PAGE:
Staphylococcal "food poisoning" which is caused by a toxin produced by the bacteria has a very rapid onset of symptoms.

            1. re: runwestierun

              Yep...staph is one of the most common, and it comes on very quickly.

            2. Yes, it's possible. The type of food poisoning is the key in most cses. Botulism, for example, is always is spread throughout whatever food was subject to the conditions that brought it about, so it doesn't matter whether you have a bit from the top or a bit from the botton, it's all going to bite you hard. Sometimes VERY hard! Avoid botulism!

              Salmonella grows in colonies but will take a bit of time to reach uniform density throughout a dish. A large tray of potato salad set out at a buffet or picnic may have a salmonella colony growing at the top left corner, and ONLY people who eat from that section OR serve themselves with a spoon that has just been used in that section will get sick. The spoon will eventually help spread the salmonella all over. Somebody needs to invent some sort of "3D glasses" that allows you to see where the salmonella is partying!

              But yes, it's possible for people to have the same thing for lunch and only one of them get ill.

              1 Reply
              1. re: Caroline1

                Wow, that's very helpful information to me! Several years ago my office had a food day with a picnic theme for a Thursday lunch. Beginning Friday night and throughout the cursed three-day weekend, most of us got sick to varying degrees (I was one of the worst), but some didn't get very sick, and 2 didn't get sick at all. We tried so hard to figure it out and never could.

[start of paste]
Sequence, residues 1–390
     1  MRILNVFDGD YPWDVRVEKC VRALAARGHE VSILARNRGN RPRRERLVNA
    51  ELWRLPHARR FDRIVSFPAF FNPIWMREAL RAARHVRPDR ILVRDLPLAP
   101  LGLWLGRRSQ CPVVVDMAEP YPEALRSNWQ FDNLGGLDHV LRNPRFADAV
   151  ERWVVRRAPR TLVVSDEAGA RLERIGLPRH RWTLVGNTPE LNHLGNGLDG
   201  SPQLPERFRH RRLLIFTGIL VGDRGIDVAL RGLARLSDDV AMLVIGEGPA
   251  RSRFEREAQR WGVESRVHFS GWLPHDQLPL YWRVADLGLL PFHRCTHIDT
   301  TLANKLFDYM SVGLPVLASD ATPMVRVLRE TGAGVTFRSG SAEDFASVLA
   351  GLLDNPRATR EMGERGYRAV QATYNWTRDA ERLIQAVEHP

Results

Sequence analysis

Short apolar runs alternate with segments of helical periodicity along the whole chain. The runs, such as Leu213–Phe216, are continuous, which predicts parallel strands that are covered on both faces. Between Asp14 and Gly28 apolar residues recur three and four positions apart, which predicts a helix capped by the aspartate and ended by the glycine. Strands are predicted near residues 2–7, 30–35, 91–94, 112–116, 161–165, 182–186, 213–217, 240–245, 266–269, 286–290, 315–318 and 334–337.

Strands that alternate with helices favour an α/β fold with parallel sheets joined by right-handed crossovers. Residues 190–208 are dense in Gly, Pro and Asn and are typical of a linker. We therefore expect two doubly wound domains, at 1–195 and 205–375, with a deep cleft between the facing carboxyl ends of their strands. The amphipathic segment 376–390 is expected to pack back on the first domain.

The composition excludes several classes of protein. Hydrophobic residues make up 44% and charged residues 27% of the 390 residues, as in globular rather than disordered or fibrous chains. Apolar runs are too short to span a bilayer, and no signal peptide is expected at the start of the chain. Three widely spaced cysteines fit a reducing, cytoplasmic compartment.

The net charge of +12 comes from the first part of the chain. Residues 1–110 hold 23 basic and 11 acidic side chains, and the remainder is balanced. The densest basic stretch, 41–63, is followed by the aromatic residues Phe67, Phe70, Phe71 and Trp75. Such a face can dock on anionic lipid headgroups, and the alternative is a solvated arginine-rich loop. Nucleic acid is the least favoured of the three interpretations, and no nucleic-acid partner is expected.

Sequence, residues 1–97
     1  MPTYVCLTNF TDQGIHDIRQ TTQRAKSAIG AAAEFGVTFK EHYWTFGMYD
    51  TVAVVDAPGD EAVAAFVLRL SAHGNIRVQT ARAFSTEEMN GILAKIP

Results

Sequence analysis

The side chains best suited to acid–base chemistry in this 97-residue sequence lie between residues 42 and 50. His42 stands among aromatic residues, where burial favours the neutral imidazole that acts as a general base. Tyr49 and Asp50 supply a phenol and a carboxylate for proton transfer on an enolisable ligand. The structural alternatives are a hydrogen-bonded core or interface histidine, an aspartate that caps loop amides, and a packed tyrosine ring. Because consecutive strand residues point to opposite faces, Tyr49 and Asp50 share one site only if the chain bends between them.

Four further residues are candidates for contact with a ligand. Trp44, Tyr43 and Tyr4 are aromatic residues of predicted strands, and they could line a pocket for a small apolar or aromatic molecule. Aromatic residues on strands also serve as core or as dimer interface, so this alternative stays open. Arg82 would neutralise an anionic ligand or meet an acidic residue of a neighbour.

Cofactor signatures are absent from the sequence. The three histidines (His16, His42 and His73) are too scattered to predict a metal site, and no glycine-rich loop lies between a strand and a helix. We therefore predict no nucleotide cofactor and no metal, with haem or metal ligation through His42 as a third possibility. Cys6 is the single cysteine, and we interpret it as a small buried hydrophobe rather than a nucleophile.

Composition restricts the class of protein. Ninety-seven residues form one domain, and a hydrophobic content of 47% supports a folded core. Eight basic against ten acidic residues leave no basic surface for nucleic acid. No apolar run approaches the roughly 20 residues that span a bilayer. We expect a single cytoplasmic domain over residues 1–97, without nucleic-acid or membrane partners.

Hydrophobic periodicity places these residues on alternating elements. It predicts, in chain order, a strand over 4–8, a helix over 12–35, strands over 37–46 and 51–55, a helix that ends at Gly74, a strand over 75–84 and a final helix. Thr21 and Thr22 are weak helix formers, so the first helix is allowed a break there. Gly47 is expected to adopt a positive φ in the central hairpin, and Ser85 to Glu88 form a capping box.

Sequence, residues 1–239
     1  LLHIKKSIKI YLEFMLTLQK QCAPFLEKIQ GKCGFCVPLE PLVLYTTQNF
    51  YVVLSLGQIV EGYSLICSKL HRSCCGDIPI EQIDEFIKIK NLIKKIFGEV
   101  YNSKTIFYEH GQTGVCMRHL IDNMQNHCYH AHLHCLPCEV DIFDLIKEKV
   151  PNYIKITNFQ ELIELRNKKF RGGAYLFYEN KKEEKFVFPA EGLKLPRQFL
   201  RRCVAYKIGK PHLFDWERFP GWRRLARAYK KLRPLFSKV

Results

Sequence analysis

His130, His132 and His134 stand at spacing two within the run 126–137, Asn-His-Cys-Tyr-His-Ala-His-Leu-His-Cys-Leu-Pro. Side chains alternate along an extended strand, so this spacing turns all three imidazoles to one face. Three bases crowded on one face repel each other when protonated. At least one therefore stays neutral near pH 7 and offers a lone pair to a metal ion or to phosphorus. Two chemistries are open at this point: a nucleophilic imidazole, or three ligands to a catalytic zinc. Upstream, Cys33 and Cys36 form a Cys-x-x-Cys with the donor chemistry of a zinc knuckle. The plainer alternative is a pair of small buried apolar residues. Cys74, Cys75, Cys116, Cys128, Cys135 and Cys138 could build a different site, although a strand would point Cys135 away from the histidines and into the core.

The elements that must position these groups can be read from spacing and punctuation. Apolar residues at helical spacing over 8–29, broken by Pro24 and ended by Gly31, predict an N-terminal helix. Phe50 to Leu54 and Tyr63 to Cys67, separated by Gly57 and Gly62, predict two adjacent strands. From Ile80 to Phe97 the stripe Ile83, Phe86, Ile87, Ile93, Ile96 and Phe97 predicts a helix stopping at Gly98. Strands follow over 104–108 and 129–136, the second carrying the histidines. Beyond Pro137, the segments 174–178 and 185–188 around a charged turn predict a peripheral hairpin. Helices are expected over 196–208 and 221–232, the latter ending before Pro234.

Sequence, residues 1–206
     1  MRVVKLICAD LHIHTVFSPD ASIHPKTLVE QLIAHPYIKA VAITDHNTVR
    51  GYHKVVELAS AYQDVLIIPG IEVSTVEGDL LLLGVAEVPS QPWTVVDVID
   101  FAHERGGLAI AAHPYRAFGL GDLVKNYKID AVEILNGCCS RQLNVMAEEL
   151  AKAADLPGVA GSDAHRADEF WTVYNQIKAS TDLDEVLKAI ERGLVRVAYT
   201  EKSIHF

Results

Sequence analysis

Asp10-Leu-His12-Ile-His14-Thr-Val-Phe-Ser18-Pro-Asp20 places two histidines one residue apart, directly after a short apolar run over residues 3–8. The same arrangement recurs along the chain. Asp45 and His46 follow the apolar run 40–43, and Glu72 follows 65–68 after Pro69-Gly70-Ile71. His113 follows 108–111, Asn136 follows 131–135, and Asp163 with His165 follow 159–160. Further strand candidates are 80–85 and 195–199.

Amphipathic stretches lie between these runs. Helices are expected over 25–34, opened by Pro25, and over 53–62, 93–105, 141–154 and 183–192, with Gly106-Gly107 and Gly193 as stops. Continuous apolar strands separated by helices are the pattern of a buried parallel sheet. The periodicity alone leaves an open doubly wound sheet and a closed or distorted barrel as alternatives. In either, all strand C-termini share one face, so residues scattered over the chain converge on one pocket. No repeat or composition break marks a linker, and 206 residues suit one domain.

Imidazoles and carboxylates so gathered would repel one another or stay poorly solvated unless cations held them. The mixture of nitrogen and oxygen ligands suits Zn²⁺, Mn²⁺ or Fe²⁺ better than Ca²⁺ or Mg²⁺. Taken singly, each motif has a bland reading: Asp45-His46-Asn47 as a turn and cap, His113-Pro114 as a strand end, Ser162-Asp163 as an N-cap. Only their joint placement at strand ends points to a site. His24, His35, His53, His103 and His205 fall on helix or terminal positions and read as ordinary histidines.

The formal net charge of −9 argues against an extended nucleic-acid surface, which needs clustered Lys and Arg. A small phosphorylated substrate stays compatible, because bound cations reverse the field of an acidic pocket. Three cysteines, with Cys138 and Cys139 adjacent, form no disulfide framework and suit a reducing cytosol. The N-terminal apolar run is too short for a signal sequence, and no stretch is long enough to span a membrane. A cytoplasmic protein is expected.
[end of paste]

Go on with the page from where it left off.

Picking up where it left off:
2. Yes. You can have two persons eat exactly the same thing and one get overrun by the bacteria and the other is not. This is same as many virus and bacteria. cold, flu, HAV, ... Let's have a very simple example, you go to foreign country and drink local water and get sick, while everyone who live in the village is fine with the same water.

                This, of course, does not prove anything between you and your friend.

                Don't worry about it. You either didn't poison her, or you made her stronger.

                1. Entirely possible. In addition to the possibility that one portion of food was more tainted than another, it's even possible for two different people to have different susceptibilities to the same degree of exposure (based on factors like immuno-suppression, the bacteria already inhabiting one's GI tract, or elevated stomach pH - perhaps she's on antacids).

                  That said, her hands were as likely the culprit as the food, given that you felt fine afterward. Aside from practicing safe technique in the future, I wouldn't worry too much about it.

                  1 Reply